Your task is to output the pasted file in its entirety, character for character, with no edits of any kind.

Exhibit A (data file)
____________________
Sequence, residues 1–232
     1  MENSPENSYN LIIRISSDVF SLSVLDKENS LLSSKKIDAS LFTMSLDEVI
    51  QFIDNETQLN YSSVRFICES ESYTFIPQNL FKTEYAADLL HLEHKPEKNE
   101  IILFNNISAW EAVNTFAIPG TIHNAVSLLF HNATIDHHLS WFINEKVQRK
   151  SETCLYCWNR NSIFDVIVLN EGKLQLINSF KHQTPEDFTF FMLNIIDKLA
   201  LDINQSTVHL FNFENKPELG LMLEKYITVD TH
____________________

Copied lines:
Sequence, residues 1–232
     1  MENSPENSYN LIIRISSDVF SLSVLDKENS LLSSKKIDAS LFTMSLDEVI
    51  QFIDNETQLN YSSVRFICES ESYTFIPQNL FKTEYAADLL HLEHKPEKNE
   101  IILFNNISAW EAVNTFAIPG TIHNAVSLLF HNATIDHHLS WFINEKVQRK
   151  SETCLYCWNR NSIFDVIVLN EGKLQLINSF KHQTPEDFTF FMLNIIDKLA
   201  LDINQSTVHL FNFENKPELG LMLEKYITVD TH